Beaufort High girls, Hilton Head High boys earn national soccer honors

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High School Soccer

Beaufort High girls, Hilton Head High boys earn national soccer honors

Published Wednesday, November 21, 2012   |  418 Words  |  

Two area soccer teams have been recognized nationally for players' academic achievement.

Beaufort High School's girls soccer team and the Hilton Head Island High School boys soccer team each earned National Team Academic Awards for the 2011-12 school year from the National Soccer Coaches Association of America. The awards recognize teams that post a 3.25 grade point average or higher during the school year.

Beaufort High's girls, who earned the award for a second consecutive year, finished with a 3.43 GPA. Hilton Head High's boys posted a 3.52 to earn the award for the first time under coach Wayne Quinlan.

The recognition for the Seahawks was the icing to a season in which they finished 17-4 and made the program's first appearance in the state championship game.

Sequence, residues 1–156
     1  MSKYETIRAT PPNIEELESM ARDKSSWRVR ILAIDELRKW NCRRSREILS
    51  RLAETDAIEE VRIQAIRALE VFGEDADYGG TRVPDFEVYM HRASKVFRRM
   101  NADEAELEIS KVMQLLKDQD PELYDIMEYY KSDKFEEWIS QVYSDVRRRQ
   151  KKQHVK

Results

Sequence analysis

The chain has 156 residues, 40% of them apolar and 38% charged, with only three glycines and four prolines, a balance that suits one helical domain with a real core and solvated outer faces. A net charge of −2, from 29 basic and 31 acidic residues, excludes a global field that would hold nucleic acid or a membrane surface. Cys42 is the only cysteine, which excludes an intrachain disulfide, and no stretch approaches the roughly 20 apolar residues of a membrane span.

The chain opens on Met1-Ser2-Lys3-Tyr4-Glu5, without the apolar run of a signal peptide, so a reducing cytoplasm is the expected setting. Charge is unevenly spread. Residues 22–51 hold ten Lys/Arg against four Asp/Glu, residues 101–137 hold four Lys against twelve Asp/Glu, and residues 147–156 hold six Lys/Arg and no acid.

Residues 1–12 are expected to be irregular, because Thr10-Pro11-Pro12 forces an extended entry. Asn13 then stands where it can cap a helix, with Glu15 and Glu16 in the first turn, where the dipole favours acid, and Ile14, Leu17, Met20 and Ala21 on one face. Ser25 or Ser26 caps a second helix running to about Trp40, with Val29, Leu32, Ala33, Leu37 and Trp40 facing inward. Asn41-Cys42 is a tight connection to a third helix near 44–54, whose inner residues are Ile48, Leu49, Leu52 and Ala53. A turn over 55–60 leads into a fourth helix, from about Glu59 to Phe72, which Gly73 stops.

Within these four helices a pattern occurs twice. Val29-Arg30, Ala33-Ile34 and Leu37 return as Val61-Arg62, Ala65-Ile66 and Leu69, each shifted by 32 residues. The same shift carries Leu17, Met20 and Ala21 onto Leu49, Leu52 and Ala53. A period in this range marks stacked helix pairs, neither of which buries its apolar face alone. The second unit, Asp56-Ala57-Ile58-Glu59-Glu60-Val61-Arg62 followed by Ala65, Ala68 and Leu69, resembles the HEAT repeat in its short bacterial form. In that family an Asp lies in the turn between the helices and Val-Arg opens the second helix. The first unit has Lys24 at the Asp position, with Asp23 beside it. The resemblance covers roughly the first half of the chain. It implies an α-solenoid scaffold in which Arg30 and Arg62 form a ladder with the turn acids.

"This has been a difficult goal to attain," Quinlan said. "We have been trying to get there since I took over. It is a testament to the emphasis our district places on academics in athletics and, especially, the effort that our great faculty puts into our tutoring program. The players take it seriously as well, and now all of those involved are being rewarded."

Quinlan said the school district's tutoring requirement for athletes not making a 'C,' or higher has helped. The fifth-year coach said the Seahawks listed the national academic honor as a coach each season before finally reaching it in Year 4.

"I have a lot of kids that are in tutoring not because they have to, but because they want to make good grades, they want to be ahead," Quinlan said.

The awards will be presented during a banquet in Indianapolis during the NSCAA national convention in January. Eleven girls teams from South Carolina and nine boys teams made the national list.

Beaufort High coach Terry Rawlins said the Eagles would forego the trip and wait for certificates in the mail. He credited parents for making sure his players stayed on their studies, that coaches don't have to do any more than re-emphasize the importance.

"At the end of the day, you don't get credit for playing soccer," Rawlins said. "You take care of business in the classroom, that way you're more relaxed and comfortable. And a student doing well academically, they're a lot easier to coach."